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Amid riots, France to consider some autonomy for Guadeloupe

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France’s government is offering to discuss greater autonomy for the French Caribbean island of Guadeloupe

PARIS — France’s government is offering to discuss some autonomy for the French Caribbean island of Guadeloupe, which has been wracked by virus-related rioting and strikes that reflect long-running frustrations over inequality with the French mainland.

The overnight offer by the government minister for overseas affairs, Sebastien Lecornu, drew sharp criticism Saturday from conservative and far right candidates for France’s April presidential election.

Guadeloupe uses the euro currency and has close political ties with the mainland. But high unemployment in Guadeloupe and nearby Martinique, high costs of living and lingering anger over historical abuses have prompted some local officials to demand change. Both Guadeloupe and Martinique are overseas departments of France.

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He denounced rioters whose pillaging is hurting local merchants and workers, and whose road barricades are preventing some patients from getting medical treatment and forced schools to close. But he also acknowledged “structural issues” behind the anger, and called for a “collective” response.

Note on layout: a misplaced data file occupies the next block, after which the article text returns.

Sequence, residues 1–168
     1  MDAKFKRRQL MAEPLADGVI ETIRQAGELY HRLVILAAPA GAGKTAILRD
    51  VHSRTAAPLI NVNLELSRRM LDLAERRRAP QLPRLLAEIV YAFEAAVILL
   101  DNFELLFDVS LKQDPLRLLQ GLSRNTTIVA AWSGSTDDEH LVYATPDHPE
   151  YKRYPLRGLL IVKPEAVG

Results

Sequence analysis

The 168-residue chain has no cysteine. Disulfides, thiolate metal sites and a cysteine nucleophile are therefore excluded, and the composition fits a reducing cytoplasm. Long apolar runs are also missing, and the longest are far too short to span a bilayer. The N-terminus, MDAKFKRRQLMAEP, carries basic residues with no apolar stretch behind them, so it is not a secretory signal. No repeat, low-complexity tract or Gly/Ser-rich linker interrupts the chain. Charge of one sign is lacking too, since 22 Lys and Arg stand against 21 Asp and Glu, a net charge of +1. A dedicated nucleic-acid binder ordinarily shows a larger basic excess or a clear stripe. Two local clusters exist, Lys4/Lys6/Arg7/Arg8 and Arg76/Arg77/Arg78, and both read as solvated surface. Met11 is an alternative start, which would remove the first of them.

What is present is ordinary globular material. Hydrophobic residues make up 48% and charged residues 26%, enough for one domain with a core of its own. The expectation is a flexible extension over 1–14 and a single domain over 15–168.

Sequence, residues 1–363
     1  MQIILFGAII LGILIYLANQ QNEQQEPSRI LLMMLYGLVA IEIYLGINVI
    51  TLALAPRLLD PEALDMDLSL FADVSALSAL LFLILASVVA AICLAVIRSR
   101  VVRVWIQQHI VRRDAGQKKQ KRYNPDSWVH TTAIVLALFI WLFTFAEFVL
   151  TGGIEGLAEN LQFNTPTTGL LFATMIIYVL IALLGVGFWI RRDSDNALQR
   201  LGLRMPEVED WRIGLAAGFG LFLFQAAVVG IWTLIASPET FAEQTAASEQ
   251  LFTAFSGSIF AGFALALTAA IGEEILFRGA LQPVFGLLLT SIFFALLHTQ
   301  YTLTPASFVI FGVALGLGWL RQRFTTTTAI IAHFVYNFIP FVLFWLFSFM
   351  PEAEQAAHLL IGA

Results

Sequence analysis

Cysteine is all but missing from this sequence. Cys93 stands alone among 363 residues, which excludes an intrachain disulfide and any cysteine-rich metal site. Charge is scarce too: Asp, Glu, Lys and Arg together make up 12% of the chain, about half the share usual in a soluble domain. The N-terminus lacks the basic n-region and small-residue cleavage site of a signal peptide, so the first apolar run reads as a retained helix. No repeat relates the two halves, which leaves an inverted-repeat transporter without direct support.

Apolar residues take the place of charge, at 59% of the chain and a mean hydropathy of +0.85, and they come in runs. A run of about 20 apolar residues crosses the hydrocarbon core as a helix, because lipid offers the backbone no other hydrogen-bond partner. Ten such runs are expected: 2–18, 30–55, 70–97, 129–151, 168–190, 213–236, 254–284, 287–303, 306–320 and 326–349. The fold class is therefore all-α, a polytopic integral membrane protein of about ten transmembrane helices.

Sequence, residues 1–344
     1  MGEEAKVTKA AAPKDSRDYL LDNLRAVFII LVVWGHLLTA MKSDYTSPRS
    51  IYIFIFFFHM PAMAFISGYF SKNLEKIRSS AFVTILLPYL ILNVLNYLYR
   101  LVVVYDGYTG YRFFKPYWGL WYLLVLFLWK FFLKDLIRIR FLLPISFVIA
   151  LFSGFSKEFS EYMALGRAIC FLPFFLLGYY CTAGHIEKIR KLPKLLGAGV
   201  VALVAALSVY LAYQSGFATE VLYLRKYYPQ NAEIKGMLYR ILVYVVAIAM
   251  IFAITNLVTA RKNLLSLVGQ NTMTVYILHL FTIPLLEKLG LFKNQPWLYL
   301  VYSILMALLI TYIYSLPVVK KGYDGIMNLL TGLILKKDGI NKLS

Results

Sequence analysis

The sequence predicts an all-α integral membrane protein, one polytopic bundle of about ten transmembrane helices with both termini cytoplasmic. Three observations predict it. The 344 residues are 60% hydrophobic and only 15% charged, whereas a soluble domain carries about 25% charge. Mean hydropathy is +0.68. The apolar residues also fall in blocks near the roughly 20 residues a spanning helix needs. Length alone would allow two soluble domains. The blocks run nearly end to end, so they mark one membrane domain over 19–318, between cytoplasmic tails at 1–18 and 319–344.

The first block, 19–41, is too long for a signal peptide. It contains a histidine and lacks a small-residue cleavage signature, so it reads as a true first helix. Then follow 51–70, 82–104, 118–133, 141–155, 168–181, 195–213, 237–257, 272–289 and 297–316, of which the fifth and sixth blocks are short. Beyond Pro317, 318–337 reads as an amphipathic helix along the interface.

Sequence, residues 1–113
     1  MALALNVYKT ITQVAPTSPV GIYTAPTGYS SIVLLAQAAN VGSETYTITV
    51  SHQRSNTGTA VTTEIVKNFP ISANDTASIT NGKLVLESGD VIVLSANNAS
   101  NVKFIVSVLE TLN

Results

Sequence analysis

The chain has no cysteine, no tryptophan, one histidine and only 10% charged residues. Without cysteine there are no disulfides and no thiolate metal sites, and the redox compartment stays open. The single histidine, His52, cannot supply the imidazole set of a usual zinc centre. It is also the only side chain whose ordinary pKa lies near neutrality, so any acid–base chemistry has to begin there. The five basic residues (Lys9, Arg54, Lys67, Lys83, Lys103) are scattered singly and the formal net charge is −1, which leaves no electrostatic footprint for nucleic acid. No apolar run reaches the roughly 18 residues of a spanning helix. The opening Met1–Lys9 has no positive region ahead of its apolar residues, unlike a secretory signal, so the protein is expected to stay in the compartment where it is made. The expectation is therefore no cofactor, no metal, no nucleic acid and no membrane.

But the protesters demands have spread to include higher salaries and jobless benefits and the hiring of more teachers.

A third of the Guadeloupe population lives below the poverty line, and unemployment rate is 17%. The cost of living, meanwhile, is high because the island relies heavily on imports from the mainland. Water supplies have been a major problem in recent years because of obsolete pipes. Some residents denounce a relationship with Paris reminiscent of colonial times, and note an ongoing scandal over the use of a dangerous pesticide on islands in the Antilles for years after it was banned on the mainland.

The French government on Friday decided to delay mandatory vaccinations for health care workers in the region until Dec. 31.

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